community.
    The registry helps police investigate sex-related crimes and helps locate
offenders in a particular geographic area. The legislation defines certain
specific offences as sex offences for which a person, if convicted, must
register.
    Mandatory registration applies to those individuals convicted of a sex
offence in Canada and who were (a) serving a sentence for that offence on the
day Christopher's Law was proclaimed or (b) convicted of a sex offence on or
after the day the legislation came into force. Other individuals required by
law to register are those who have been found not criminally responsible for a
sex offence on account of a mental disorder, and who have received an absolute
or conditional discharge, on or after the day the legislation came into
effect.
    The registry is administered by the Ontario Provincial Police on behalf
of the Ministry of Community Safety and Correctional Services. As of November
2007, 7,909 sex offenders were on the registry.

    The Auditor General's Findings

    The auditor general audited the registry and tabled a report of his
findings and recommendations in the legislature.
    The report commended the province for diligent and cost effective work
over the past six years in establishing and maintaining the registry, and made
recommendations for improvement.
    The auditor general pointed out the need to strengthen procedures in a
number of areas to ensure that all offenders who should be in the registry
were registered and to make the registry more useful for police
investigations.
    The auditor general recommended that the ministry amend Christopher's Law
to ensure that the following persons register:

    
    -  Sex offenders serving an intermittent sentence (e.g., on weekends)
    -  Sex offenders released on a temporary absence pass
    -  Sex offenders found not criminally responsible because of mental
       illness who are released on a day pass
    -  Sex offenders released on bail pending an appeal.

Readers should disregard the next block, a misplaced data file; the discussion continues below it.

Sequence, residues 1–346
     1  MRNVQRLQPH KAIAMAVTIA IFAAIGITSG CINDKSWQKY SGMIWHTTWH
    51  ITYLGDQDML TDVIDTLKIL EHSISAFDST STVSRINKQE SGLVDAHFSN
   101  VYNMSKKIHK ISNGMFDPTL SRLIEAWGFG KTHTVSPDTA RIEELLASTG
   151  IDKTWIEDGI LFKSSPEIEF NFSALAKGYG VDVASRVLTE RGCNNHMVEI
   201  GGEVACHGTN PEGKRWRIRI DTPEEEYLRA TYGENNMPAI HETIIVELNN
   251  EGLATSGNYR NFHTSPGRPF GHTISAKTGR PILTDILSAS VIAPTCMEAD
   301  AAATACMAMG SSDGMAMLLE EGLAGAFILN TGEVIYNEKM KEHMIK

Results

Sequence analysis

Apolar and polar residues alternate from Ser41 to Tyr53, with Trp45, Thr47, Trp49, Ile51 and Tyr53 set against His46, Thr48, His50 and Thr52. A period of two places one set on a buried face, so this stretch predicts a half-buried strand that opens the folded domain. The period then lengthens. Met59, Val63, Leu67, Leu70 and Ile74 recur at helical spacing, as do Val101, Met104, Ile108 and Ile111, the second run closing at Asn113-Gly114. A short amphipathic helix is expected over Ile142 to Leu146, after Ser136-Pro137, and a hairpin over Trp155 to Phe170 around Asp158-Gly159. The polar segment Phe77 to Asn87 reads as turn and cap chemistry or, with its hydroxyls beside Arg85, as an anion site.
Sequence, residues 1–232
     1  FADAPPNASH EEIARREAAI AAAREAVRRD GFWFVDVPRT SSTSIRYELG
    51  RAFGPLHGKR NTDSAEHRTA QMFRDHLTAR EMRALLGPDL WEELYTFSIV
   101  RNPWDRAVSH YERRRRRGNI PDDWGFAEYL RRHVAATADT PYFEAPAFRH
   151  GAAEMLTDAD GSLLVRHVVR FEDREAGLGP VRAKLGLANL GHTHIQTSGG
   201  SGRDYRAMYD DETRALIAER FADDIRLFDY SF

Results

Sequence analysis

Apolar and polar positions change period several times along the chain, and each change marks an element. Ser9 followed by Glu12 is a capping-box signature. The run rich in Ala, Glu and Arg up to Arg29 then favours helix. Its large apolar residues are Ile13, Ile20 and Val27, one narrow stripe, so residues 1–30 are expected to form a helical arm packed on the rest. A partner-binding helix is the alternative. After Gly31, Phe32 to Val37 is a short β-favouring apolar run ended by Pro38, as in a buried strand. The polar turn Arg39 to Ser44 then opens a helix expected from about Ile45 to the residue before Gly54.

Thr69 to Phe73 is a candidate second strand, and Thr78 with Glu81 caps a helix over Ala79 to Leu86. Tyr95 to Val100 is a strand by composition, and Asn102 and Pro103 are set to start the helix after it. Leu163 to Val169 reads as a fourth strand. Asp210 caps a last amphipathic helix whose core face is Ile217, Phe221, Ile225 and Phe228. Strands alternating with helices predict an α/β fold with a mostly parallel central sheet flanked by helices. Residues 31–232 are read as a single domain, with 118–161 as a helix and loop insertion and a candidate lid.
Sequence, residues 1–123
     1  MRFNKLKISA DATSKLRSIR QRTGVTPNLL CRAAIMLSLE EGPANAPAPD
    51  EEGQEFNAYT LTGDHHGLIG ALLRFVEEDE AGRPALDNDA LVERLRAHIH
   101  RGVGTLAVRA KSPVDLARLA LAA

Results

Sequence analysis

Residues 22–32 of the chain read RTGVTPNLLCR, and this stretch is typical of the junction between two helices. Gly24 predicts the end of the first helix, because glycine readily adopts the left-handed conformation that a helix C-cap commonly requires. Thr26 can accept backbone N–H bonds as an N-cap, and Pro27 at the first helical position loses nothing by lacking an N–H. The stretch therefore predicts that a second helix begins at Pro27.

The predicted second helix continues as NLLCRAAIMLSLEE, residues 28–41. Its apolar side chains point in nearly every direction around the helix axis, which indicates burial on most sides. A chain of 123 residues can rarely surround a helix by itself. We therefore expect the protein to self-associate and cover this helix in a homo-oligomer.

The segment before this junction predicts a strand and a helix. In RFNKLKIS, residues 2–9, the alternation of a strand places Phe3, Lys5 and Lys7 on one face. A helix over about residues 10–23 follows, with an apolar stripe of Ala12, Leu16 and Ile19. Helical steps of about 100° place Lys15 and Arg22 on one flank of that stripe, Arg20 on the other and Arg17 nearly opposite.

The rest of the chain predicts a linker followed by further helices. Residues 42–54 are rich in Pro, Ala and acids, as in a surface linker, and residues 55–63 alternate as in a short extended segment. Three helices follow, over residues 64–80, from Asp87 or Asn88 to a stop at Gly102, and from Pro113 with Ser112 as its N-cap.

What the Ministry is Doing

    The legislative amendments introduced today respond directly to these
recommendations.

    
    The new legislation would, if passed:

    -  Require sex offenders serving an intermittent sentence to register
       within 15 days of sentencing (currently they are not required to
       report until they have completed their sentence)
    -  Require that all those who are released on bail pending an appeal must
       register
    -  Require police services to notify the Ontario Sex Offender Registry
       immediately if they receive a notification from a mental health
       facility that a person who is not criminally responsible is being
       released from the facility unsupervised
    -  Require that provincial correctional facilities notify the Ontario Sex
       Offender Registry of all sex offenders who are released from a
       correctional facility on an unescorted temporary absence pass 24 hours
       prior to their release.
    

    Most of the remaining recommendations are operational or technical in
nature. The ministry is already working to implement these recommendations by
improving co-operation with police and the Correctional Service of Canada and
making changes to the registry itself.

    Compliance Rate

    Ontario's Sex Offender Registry has a nearly 95 per cent compliance rate,
one of the highest compliance rates of all sex offender registries in
operation, including registries in the United States.

    
    Contact:
    Anthony Brown
    Ministry of Community Safety and Correctional Services
    416-314-7772

    Disponible en français

                           www.mcscs.jus.gov.on.ca
    




For further information:

For further information: Laura Blondeau, Minister's Office, (416)
325-4973, (416) 938-9757 (cell); Anthony Brown, Communications Branch, (416)
314-7772

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Ontario Ministry of Community Safety and Correctional Services